Turkey II - Istanbul, Topkapi Palace.
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Turkey I - Istanbul, The Blue Mosque, Grand Bazaar and the Hagia Sophia Museum.
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Turkey III - Fethiye
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Hotel Side, Sultanahmet, Istanbul:
Restaurant: Aloran Cafe & Restaurant, Sultanahmet, Istanbul: www.aloranistanbul.com
Log Entry Wednesday 18th January - We visit the Topkapi Palace (Sultanahmet)
The Topkapi Palace is located in Gülhane Park to the rear of Hagia Sophia, just beyond the sultans tombs, it's impressive gates were closed to the public yesterday, as it is every week. We looked over yesterday, with the armed guards patrolling the gates it was an obvious clue to it's closure? The Palace was originally constructed by Fatih Sultan Mehmet the Conqueror in 1478 and was used as the administrative centre of the Ottoman Empire and the residence of the Sultans for over 380 years. Although updated over time, it boasts 300 rooms, 9 Turkish baths, 2 Mosques and a hospital in the Harem.
As soon as you enter the great park the grandeur is instantly evident with the associated peripheral builds, not all open to the public, nor their reason for existence declared. The great wall and gateways surrounding the park perimeter speak for themselves.
As you make your way towards the entrance to the Palace ground through the Imperial Gate and see the hoards of tourists making a visit it is hard to believe in the time of sultans, traditionally, no commoners were allowed beyond this point?
Passing through the gate the second courtyard was once the home to thousands of staff, including the sultans advisors and his private army of Janissary guards. To the right of this great courtyard are the Palace Kitchens, unfortunately closed today. The kitchens, staffed by up to 1000 cooks, on call to serve the sultan and family were able to feed up to 4000 people daily, twice as many typically if there was a banquet - hard to imagine?
We decide to pay the additional fee and visit the Harem primarily to see how it compared against my own? In addition to the four wives allowed by Islamic law the Ottoman sultans allowed themselves a large variety of concubines, the most beautiful girls from around the empire, many bought from the slave market. The Harem was traditional run by the sultan's mother and the sultans first wife - who else better qualified to determine the sultans needs, likes and dislikes?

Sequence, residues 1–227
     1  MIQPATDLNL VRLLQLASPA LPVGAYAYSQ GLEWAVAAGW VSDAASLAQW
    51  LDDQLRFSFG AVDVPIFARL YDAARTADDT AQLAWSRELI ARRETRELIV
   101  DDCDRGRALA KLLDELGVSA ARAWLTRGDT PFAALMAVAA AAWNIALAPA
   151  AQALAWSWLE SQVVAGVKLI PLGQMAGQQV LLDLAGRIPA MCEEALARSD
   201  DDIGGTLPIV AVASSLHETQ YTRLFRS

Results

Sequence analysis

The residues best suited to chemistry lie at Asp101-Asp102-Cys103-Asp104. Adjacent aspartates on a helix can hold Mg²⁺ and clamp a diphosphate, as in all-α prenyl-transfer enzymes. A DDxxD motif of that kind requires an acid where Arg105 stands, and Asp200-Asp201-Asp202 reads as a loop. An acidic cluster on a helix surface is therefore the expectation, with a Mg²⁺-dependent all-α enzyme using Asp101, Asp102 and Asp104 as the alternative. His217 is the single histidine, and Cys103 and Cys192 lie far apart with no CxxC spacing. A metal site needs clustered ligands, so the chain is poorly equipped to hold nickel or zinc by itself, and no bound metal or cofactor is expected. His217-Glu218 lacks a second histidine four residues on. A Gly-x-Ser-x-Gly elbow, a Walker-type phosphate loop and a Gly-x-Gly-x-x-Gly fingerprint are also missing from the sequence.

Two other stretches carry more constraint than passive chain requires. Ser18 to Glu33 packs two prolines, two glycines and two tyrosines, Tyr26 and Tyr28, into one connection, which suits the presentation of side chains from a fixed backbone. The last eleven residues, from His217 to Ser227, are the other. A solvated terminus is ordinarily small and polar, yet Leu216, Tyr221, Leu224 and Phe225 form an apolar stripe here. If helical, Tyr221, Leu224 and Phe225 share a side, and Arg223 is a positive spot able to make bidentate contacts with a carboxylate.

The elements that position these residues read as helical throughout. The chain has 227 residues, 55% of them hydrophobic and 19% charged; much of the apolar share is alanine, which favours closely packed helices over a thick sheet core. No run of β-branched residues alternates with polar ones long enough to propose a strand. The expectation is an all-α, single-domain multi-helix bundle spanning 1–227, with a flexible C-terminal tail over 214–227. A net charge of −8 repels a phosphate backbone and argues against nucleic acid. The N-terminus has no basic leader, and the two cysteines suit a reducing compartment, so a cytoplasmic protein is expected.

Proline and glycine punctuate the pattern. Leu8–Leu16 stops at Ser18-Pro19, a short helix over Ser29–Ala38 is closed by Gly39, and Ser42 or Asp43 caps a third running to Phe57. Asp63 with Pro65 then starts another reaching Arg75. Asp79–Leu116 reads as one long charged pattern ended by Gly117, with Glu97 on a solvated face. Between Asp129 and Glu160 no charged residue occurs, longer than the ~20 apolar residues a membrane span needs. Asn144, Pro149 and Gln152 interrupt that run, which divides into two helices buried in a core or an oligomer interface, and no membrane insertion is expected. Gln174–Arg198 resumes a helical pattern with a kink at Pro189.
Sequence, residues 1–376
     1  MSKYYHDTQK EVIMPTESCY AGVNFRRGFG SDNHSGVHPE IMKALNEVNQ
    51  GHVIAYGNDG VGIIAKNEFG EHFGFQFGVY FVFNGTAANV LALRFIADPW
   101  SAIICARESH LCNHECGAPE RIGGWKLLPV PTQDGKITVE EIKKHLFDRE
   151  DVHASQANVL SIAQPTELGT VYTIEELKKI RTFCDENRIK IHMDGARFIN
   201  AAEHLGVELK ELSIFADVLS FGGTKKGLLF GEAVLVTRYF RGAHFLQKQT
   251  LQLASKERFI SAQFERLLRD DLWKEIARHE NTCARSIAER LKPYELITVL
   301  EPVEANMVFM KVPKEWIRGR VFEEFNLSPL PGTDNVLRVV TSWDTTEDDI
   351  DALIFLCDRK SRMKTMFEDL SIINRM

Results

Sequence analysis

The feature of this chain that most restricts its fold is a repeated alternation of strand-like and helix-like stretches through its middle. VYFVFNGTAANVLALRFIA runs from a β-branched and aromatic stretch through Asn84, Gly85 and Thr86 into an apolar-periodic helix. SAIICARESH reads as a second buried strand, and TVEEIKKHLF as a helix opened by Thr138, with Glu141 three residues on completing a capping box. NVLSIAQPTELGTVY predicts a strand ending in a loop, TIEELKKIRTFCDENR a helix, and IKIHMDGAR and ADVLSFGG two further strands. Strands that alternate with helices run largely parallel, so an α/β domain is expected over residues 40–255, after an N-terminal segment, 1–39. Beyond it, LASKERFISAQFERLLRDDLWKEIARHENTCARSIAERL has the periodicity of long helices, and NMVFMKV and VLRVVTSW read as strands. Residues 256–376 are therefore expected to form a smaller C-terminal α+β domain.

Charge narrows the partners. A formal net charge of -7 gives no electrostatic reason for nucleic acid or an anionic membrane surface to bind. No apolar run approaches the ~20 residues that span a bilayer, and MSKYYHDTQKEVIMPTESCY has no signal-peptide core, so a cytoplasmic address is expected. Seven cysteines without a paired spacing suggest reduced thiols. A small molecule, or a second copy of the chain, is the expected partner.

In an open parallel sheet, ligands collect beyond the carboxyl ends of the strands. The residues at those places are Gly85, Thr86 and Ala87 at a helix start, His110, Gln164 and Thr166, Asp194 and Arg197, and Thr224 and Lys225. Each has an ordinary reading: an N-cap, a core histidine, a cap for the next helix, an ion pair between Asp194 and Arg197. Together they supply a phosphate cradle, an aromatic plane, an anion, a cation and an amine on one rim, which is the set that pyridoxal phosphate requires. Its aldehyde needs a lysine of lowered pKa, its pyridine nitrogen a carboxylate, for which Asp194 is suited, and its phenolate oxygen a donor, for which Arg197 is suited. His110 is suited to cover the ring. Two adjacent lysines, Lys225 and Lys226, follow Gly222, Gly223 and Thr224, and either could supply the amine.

We first enter the "Courtyard of the (black) Eunuchs", these castrated figures administrated the harem - what an existence in a devious world of up to several hundred women all trying to gain status or power? We pass by the internal harem entrance with two great mirrors used to watch for "unwanted visitors".
We pass down the "Passage of the Concubines" where the eunuchs would lay their dirty dishes to be returned to the kitchen, out into the area known as the "Court of the concubines and the sultans chief consorts". Off the courtyard were bathrooms, laundry facilities and the apartments of the chief consorts.
We then passed into the private chambers, the luxurious living quarters of the sultan and the quarters of the sultans' mother (Valide Sultan) this woman held great power in the Ottoman Dynasty. The grandeur is clearly shown in the pictures above, it is impossible to comprehend the wealth of the sultans?
One enters the final, private courtyard before walking down "The Golden Road", believed to be the place where the sultan would throw gold coins down to the concubines at festive times.
We exit the harem, into a further courtyard into the heart of the palace, in front of the "Private Audience Hall/Chamber of Petitions".
This was a grand building, it's name clearly declaring it's function.
Central to this courtyard is the Library, unfortunately closed, we make for the chambers displaying sacred relics, imperial costume collections and other treasures. A superb collection of priceless relics and jewels, no photography allow through out the halls - closely policed.
The true wealth becomes evident, jewellery, swords and daggers with emeralds the size of eggs laid in their handles!
The view of the Bosphorus and Golden Horn spectacular from the cafeteria area.
The last build we visit as we exit is the "Imperial Council Hall" here the advisors would discuss relevant issues, pass new laws and declarations, with or without the sultans involvement as he saw fit?
We leave the Palace via the exit serving the "Archaeology Museum", we make our way down to the water front, a busy cold place, nothing of any interest unless you need one of the many ferries servicing the surrounding area? We are chilled through once again and ready to return to the hotel for a good warm through before we eat this evening. The hotel is not too far away but we initially opt for a warm taxi, confusion or disagreement on pricing/tariff pushes us to return by the tram system at a fraction of the cost - whatever it was?
We end up, once again at the "Aloran", for the evening, good conversation, humour and of coarse excellant food!